Amazon should view Atlanta as a supply chain ecosystem. Atlanta's first name was "Terminus"--logistics has been the life-blood from the beginning. Today, our supply chain ecosystem boasts companies such as UPS, Delta, and Manhattan Associates calling Atlanta home. Our Chamber of Commerce uses the hashtag #SupplyChainCity. The city has big shoulders to support growth and a professional base which fluently speaks the language of supply chain with the capability to execute at scale.
Theia Smith, Founding Executive Director, City of Atlanta's Women's Entrepreneurship Initiative
The city's texture defines it. As the city that birthed the civil rights movement, confronting socioeconomic issues with respect and intent, and then working to solve them peacefully, is unique to Atlanta's DNA. At its core, this is a city that embraces the authenticity of its people. Most people, like me, choose to be here to pursue their passions, so we are an intentional city.
Holly Beilin, Editor-in-Chief, Hypepotamus
According to a 2017 CBRE report, Atlanta was the third largest market by percent change for tech labor growth. As one of the top engineering schools in the country -- and one that regularly leads the pack in graduating the most female engineers -- Georgia Tech alumni are coveted by Silicon Valley companies. We have 3 of the top 20 HBCU schools in the country within the metro area, which helps Atlanta stand out for producing diverse tech talent, augmented by top coding schools and technical bootcamps. This abundant, high-quality and diverse talent pool has already attracted leading technology companies to relocate or expand here.
Finance Student at the University of Georgia's Terry College of Business
Amazon was a business born from a contrarian bet. Who would've thought that you could sell books on the web back in 1994? Who would've thought that the e-commerce company could've launched one of the biggest cloud computing platforms, along with a host of other successful businesses?
Across Emory, Georgia Tech, and the University of Georgia, students are beginning to explore careers in the tech industry regardless of their major, whether it be in the arts or the sciences. Should Amazon choose Atlanta, they would undoubtedly be able to take advantage of this pipeline of both technical and non-technical students.
Jean-Luc VanHulst, President, Write2Market
Atlanta pairs diversity across race, skills, and industries with a scrappy startup up feel. From the booming film industry (which alone should mean a lot for Amazon) to the booming tech startup scene and solid financial services foundation, Atlanta really has it all.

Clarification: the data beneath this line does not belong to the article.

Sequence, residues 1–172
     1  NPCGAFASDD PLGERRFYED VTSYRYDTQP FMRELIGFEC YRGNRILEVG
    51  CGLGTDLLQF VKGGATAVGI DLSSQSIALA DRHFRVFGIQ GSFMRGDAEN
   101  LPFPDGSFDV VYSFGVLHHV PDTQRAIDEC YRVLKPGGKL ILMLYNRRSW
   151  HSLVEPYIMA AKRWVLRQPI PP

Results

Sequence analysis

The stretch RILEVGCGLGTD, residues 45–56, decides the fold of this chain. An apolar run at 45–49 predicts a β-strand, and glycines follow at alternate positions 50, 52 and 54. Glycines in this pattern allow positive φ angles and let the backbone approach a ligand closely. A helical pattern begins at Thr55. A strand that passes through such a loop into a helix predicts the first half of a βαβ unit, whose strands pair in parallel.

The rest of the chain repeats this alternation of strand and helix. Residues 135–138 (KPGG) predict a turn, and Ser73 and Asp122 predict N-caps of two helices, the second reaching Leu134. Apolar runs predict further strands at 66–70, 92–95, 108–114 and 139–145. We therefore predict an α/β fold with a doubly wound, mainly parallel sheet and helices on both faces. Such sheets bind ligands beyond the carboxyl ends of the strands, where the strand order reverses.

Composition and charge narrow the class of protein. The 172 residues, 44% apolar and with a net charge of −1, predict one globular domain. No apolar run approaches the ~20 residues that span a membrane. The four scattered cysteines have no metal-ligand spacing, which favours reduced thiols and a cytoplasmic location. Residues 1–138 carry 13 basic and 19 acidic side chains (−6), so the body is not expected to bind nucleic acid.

The one thing that Atlanta doesn't have yet is an attitude. We're still way to modest about everything ATL has to offer!
Erica Stanley, Engineering Manager, SalesLoft
There's so much to love about Atlanta, but the thing that I love most is this is a city with diversity in its DNA. Even as Atlanta becomes increasingly recognized as a leading startup and technology hub, community leaders are working to make sure women, minorities, LGBTQ people, people with disabilities -- everyone is a part of that growth. For instance, while it's true we are a city with world-renowned schools, graduating some of the top tech talent in the country. Those same schools, including Georgia Tech, Georgia State and the HBCUs of the Atlanta University Center, are routinely the top producers of African-American engineers. There are programs and incubators such as digitalundivided's BIG Center and Startup Runway working to expand entrepreneurship funding and opportunities to underrepresented groups. We are ensuring that as we grow, all of our community grows with us.
Vince Calhoun, Director, Application Development, ADP
We are a community of nomads, explorers and refugees. It is rare to find someone in Atlanta that grew up in Atlanta and because of that we have vibrant cultures around every corner from the familiar to the exotic. Yes, that makes us different as individuals and we fight and love and support each other like any family, but one trip to any Atlanta United game and you'll see the full spectrum and all of the radiance that Atlanta has to offer. One drive down Buford Highway seeking a meal and you'll know we have the passion and expertise of the world boiled down to one big town that feels small and local, and also unlimited. Ride a MARTA train from one end of the line to the other and see the unsung heroes that make up Atlanta's formidable work force. Atlanta is people, and we have had the privilege of being home to some of the most outstanding members of humanity.
Atlanta insiders focus more on what Atlanta can do for Amazon, than what Amazon can do for Atlanta. Atlanta clearly doesn't want Amazon to settle for a sterile "number 2 HQ." In fact, these perspectives urge the company to set a high bar--rather than a bounty--in its hunt for a true second home. If it does that, ATL is down for AMZ.